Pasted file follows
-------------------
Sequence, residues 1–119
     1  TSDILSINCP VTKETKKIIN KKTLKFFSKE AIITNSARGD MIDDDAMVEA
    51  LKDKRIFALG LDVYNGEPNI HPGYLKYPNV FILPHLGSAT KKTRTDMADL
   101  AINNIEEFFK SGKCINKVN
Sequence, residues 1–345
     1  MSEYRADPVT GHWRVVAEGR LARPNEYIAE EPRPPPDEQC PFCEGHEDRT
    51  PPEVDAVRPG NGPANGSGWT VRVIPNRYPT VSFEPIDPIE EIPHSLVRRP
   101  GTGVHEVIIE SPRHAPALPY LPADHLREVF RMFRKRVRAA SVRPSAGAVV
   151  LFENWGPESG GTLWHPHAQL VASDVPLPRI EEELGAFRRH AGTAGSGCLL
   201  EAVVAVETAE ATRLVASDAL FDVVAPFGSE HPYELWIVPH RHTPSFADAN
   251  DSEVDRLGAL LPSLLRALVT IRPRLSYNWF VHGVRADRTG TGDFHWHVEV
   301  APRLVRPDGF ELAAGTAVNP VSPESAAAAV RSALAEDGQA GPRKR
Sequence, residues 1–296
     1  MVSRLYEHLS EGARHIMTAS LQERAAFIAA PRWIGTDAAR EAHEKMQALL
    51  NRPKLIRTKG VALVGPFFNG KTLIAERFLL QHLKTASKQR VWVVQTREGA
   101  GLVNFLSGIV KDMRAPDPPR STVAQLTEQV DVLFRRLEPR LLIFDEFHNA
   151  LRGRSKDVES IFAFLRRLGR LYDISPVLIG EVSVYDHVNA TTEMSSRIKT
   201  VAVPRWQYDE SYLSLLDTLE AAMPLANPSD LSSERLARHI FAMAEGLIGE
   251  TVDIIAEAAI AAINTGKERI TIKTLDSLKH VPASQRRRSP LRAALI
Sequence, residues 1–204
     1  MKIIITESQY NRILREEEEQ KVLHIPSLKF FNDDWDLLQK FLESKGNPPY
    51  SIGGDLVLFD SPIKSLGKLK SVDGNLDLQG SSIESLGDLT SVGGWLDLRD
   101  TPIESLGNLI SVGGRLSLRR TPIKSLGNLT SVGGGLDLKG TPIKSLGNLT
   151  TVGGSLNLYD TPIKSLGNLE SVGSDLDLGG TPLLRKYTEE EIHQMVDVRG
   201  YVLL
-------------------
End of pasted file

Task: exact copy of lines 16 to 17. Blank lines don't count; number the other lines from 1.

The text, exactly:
   101  GLVNFLSGIV KDMRAPDPPR STVAQLTEQV DVLFRRLEPR LLIFDEFHNA
   151  LRGRSKDVES IFAFLRRLGR LYDISPVLIG EVSVYDHVNA TTEMSSRIKT